Giovanni Xu’s first encounter with singing was the chorus program at the Saddle Rock Elementary School. In fifth grade, he joined the all-county choir. But it was Great Neck South High School’s renowned opera workshop, and the school’s music teacher, Dr. Pamela Levy, that truly inspired him. He went to watch The Magic Flute by Mozart at the Metropolitan Opera. It changed his life.
“I just fell in love,” Xu said. “That’s where my passion for opera, specifically, blossomed. I saw it as something I really wanted to pursue in life.”
He started taking vocal lessons, and was selected to spend a summer at Boston University’s Tanglewood Institute. There, he met many outstanding young musicians who were serious about making music their careers.
Now, as a fourth year undergraduate in vocal performance at the Manhattan School of Music (MSM), Xu is learning how to perfect his technique and deliver emotion through every note.
“MSM isn’t just a great music conservatory, it also offers so many opportunities to be on stage,” he said.
Xu recalled singing as part of the MSM choir at the Lincoln Center, accompanied by New York Philharmonic just three months out of high school. He made his Carnegie Hall debut last April as part of the MSM’s 100th Year Gala. The evening was hosted by Alec Baldwin, and featured Metropolitan Opera Mezzo Soprano Susan Graham and George London Winner Raehann Bryce-Davis. Xu sang Vaughn William’s “Serenade to Music” as one of 16 soloists at the event.
“It was an extraordinary piece to work on as it addresses the importance of the arts and specifically music in one’s life,” Xu said. “We were coached by the New York Philharmonic organist and MSM faculty member Kent Tritle. We also worked with Laura Sametz, a MSM’s Musical Theatre faculty, studying each of the Shakespearean words. It was from that work that we found inspiration for the music.”
Xu was also one of the two soloists selected to kick off the centennial celebrations in the grand reopening of MSM’s Neidorff Karpati Hall—the school’s main concert hall.
Xu talked about the best part of being a performing artist.
“It’s definitely performing itself,” Xu said. “Before getting on the stage, you do all the work to really get to know the music itself and perfect your technique. Then you get on the stage, wherever it is, to give life to the music. You draw all the fantasies with your voice, sharing it with your audience. That moment of creation is electrifying.”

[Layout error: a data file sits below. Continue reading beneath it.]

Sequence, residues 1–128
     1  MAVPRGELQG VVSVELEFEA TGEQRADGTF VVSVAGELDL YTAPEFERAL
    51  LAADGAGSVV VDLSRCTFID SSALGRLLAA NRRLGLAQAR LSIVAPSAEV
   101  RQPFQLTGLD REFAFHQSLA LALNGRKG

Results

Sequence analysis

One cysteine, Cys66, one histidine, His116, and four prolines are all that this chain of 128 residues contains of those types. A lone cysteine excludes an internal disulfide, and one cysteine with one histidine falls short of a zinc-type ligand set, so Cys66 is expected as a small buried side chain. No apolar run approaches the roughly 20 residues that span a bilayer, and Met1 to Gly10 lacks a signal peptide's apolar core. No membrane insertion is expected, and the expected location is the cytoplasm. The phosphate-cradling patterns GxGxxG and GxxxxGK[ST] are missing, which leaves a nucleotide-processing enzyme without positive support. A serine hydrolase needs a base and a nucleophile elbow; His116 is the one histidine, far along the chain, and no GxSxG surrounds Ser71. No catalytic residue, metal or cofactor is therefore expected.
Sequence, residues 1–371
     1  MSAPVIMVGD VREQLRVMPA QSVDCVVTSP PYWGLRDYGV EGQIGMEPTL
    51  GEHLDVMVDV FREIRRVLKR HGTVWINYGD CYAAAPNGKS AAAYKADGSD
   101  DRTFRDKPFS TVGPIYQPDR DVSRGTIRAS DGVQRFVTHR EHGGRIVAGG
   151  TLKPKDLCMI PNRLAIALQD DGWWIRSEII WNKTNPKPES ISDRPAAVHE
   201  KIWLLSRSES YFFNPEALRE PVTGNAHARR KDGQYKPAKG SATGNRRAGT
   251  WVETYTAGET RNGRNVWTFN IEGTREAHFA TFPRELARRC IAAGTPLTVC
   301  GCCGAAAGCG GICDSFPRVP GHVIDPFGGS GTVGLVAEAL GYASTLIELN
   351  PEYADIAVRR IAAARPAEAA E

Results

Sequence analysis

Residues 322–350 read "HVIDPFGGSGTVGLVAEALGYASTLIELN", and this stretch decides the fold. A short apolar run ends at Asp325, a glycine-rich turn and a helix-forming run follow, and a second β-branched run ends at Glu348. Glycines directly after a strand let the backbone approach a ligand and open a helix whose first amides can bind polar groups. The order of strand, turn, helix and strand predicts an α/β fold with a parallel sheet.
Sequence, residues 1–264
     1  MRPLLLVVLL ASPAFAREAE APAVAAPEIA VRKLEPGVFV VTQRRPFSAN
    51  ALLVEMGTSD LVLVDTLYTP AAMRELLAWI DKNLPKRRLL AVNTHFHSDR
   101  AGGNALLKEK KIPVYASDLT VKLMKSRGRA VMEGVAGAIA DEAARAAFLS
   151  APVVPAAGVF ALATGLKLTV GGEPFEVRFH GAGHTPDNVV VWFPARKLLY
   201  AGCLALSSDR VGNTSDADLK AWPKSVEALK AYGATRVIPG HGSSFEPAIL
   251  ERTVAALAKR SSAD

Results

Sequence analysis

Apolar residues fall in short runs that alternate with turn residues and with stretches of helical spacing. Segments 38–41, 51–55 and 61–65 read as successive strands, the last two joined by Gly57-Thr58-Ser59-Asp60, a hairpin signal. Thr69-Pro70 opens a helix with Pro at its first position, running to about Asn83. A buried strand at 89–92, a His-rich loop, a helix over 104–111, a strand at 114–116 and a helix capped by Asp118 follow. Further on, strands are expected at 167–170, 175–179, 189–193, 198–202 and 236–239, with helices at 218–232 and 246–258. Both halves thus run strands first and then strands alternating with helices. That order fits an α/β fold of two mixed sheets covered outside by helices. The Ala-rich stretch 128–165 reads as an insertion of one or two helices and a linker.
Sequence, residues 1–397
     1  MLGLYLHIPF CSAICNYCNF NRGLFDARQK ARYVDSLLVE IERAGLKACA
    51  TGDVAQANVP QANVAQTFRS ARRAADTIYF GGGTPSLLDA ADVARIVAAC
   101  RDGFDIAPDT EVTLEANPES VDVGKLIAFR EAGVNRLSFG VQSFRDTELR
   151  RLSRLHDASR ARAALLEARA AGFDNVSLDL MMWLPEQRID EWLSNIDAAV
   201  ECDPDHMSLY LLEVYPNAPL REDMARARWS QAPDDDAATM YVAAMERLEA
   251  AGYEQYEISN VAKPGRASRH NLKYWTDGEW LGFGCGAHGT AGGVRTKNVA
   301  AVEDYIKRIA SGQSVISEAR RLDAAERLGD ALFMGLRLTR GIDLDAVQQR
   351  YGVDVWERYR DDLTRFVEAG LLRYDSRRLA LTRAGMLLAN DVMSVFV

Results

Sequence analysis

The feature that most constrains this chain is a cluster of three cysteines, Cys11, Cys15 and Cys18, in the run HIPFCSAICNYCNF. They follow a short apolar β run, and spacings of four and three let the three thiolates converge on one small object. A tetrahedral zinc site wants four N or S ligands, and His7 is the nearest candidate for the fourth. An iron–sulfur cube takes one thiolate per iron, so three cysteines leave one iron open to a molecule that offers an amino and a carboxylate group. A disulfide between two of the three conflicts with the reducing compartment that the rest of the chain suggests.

Xu’s dream is to become an opera singer. He wants to go into a graduate program at a conservatory in New York or on the west coast upon graduation from MSM. After that, he wants to complete a young artist’s program.
“In 10 years, I hope to be out in the profession performing small roles, big roles,” Xu said. “I hope I will be doing what I love and performing on a stage in recital halls, opera houses and concert halls. I hope to be out there sharing my gift, sharing my love for music and sharing my story.”
Xu admitted that being a musician isn’t an easy journey.
“Fear and doubt are always there, as obstacles in a path to success,” he said. “Fear that issues from the questions we ask ourselves every day: Am I good enough? Will I make it? And doubt sprouts from our failures and flaws.”
He acknowledged that fear and doubt would never disappear completely, but he had learned to deal with those feelings during every step of his growth as a person with big hopes and dreams.
“What music teaches me is patience, dedication, and love for the craft,” he explained. “And it’s through all of those things that you can transcend the heartache, and the frustration. The frustration is there. And I think it’ll be a lie to say that making music is perfect all the time, because it’s not. I think it’s the reality you face as an artist, and sometimes disappointment, that really highlights that special momentum and make you want to keep doing it. So much goes into it, so much blood, sweat and tears, but at the end of the day, if it’s what you love, then you know it’s worth it.”
Xu is organizing a benefit concert, NY Arts in Action for Wuhan, China, as director of NY Arts in Action. Wuhan, a city of 11 million residents, has been quarantined due to the coronavirus outbreak. The concert will be on March 13, at 7 p.m. at NYC’s Steinway Hall. Admission is free, but donations are highly encouraged. Funds raised from the concert will aid the new Vulcan Mountain Hospital in Wuhan.
Joy Wei is a seventh grader at Great Neck North Middle School who likes drawing and writing.